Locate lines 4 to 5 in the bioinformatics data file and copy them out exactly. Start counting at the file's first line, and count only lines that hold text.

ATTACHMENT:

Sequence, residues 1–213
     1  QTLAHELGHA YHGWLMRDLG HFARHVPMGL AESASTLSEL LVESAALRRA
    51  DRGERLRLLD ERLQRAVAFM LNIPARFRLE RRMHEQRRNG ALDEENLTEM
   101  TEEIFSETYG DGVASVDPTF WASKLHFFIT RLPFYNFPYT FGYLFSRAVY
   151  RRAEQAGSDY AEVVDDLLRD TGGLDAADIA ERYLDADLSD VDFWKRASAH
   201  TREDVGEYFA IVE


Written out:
   101  TEEIFSETYG DGVASVDPTF WASKLHFFIT RLPFYNFPYT FGYLFSRAVY
   151  RRAEQAGSDY AEVVDDLLRD TGGLDAADIA ERYLDADLSD VDFWKRASAH